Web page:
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How to Make Fabric Baskets Using Jelly Roll Strips

Fabric baskets are useful for all manner of things, and they are quick and easy to make.  You can use these baskets to hold bits of thread or fabric that you remove when you are sewing, or to hold items that you are using for a project. I’m sure you will think of many uses for them once you make them, plus they make nice gifts for friends and family.  So if this is something you would like to try, here is my method of how to make fabric baskets using jelly roll strips.

easy fabric basket tutorial

You can use scraps from your stash, which is what I have done. I had some jelly roll strips left over from a previous project so this was an ideal way to use them up. You can also use fat quarters for the lining pieces.

These fabric baskets are reversible so when you tire of one side, simply turn the bag inside out and you have a whole new look  – perfect.

So let’s get on and see what you need and how to make these fabric baskets. It’s a quick and easy sewing project that you are going to love.

And don’t worry if you don’t have jelly roll strips, you can cut your own strips measuring 2½” by the width of the fabric (WOF).

The baskets measure approx. 7½” in height ( before you fold down the cuff). For the width, it measures roughly 5 1/2″ at the base and 9″ wide at the top.

What You Need:

This will make two fabric baskets.

  • 5 Jelly Roll strips, or cut your own  2½” x Width of Fabric (WOF)
  • 2 pieces of lining fabric measuring 10½” x 20″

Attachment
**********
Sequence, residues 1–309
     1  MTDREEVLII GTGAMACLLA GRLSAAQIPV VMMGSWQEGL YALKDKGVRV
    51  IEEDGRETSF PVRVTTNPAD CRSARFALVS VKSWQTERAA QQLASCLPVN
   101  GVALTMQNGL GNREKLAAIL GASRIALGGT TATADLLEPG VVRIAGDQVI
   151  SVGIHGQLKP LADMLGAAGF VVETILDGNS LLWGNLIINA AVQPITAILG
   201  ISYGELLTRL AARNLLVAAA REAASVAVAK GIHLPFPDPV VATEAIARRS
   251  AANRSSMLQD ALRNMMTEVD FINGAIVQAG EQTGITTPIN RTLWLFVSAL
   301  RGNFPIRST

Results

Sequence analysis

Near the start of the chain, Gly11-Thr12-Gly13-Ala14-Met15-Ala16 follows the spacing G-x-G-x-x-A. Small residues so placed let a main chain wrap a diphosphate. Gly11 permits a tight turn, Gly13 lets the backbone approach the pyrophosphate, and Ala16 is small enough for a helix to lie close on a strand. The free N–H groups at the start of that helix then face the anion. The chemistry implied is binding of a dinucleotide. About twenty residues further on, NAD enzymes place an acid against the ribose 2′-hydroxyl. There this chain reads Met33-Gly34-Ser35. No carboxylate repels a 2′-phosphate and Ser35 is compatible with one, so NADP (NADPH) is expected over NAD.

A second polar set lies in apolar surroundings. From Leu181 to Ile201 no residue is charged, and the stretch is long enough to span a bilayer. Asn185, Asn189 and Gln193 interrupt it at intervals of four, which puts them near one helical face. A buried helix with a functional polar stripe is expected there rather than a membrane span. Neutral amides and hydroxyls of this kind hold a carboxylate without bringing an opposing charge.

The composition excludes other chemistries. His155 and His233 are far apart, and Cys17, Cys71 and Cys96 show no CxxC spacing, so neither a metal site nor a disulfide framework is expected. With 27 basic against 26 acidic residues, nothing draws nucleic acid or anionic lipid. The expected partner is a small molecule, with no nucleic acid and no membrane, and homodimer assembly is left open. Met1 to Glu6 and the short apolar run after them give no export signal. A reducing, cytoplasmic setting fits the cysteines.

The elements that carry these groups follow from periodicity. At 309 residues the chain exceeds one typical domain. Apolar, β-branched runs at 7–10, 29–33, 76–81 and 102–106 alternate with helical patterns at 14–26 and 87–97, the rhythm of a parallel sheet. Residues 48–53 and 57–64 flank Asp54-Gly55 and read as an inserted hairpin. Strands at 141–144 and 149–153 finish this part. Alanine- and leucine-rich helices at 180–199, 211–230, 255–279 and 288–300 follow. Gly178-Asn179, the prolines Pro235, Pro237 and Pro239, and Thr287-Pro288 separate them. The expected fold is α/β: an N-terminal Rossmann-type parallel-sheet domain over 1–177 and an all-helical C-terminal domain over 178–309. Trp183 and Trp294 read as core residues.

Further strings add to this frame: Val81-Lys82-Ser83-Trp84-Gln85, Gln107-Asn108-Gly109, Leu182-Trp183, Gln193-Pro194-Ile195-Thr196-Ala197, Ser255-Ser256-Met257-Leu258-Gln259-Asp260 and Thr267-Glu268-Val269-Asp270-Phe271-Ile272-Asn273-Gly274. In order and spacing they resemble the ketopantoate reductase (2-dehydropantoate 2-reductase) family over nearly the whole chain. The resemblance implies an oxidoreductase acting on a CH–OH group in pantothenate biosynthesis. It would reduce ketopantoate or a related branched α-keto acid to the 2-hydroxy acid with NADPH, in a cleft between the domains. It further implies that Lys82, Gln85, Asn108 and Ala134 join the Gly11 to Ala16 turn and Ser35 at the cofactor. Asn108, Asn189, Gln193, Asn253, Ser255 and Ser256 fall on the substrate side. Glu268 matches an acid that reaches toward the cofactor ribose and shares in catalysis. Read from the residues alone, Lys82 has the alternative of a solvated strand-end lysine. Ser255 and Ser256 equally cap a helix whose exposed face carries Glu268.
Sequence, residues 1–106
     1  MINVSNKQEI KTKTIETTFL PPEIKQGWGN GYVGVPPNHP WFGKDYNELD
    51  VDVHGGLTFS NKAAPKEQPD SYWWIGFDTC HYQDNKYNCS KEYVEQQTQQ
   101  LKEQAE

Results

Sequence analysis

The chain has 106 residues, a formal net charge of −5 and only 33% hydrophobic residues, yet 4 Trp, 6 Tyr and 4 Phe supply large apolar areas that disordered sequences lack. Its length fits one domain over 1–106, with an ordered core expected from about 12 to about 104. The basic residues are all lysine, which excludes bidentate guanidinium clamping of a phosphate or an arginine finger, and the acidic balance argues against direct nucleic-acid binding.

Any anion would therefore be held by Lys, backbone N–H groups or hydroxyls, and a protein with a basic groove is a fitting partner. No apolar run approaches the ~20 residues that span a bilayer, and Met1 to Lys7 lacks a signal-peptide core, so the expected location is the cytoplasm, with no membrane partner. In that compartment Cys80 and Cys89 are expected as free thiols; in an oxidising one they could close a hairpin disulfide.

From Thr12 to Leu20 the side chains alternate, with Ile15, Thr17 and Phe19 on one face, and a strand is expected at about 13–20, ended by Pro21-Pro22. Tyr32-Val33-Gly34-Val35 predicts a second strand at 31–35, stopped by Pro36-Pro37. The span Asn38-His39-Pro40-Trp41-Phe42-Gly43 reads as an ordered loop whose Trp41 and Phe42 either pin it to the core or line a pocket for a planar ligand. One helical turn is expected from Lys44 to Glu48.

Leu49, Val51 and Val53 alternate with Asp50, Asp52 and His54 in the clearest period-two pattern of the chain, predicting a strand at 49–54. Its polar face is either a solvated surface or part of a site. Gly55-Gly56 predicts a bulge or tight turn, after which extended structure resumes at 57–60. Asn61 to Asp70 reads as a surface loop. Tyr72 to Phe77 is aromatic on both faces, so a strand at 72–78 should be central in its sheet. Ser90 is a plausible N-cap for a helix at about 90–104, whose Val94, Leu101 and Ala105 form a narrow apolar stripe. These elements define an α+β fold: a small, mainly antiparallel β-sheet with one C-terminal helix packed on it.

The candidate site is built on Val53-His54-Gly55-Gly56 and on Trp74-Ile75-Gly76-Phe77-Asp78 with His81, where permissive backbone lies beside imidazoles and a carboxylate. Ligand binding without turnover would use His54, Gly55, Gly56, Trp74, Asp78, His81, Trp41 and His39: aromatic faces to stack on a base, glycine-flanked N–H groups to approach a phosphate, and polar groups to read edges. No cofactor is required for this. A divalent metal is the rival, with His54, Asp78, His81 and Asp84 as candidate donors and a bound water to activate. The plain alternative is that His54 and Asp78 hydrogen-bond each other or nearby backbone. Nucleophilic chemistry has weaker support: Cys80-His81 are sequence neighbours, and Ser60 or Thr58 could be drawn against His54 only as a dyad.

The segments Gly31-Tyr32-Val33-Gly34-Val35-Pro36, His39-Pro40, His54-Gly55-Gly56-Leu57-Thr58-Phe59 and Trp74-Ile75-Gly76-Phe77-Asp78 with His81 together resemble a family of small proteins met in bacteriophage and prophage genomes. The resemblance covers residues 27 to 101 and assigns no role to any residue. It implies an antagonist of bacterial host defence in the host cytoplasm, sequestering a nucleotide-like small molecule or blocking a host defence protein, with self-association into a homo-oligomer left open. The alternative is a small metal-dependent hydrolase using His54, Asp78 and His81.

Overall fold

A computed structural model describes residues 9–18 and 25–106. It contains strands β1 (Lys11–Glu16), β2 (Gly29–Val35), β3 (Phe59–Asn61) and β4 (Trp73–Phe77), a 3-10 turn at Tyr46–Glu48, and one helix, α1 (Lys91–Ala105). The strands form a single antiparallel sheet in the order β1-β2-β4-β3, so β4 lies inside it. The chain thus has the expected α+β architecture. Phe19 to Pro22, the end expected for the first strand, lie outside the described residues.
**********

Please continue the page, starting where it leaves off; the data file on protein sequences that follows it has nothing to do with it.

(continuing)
• 2 pieces of fusible fleece measuring 10½” x 20″ ( We used Vilene H64O)

What Tools Were Used in the Video:

Watch the video below or scroll down for written instructions

(Can’t see the video? You may have an ad blocker installed.)

Method:

Front

  • Sew the 5 jelly roll strips together using a ¼” seam.
  • Your piece should measure 10½” in width when sewn together.

  • Press the seams open.

  • Sew down each of the seam lines with a decorative stitch or you can simply zig-zag over the seam line.  (You can see how this looks in the image below with a couple of baskets we made previously). This is done with the right side of the strips facing up.

  • Trim one edge to neaten and straighten the edge

  • Cut 2 pieces measuring 20″. You now have  2 pieces of fabric that measure 10½” x 20″

Lining

  • Take 1 piece of  your lining fabric that measures10½” x 20″ and place it face down on your ironing surface
  • Lay 1 piece of your 10½” x 20″ fusible fleece and lay it with the rough side facing down on your lining piece.  The rough side has the glue which needs to adhere to your lining fabric.
  • Iron the fusible fleece to the lining piece using a hot iron and no steam. (Follow the manufacturers instructions for the fusible fleece you are using)

  • Do the same process with the other lining piece and fusible fleece.
  • You will now have 2 pieces of fabric with fusible fleece attached.

NOTE
If you are ironing on your mat, make sure you something under your fabric to protect your mat and stop it from warping. I use a large wooden cutting board.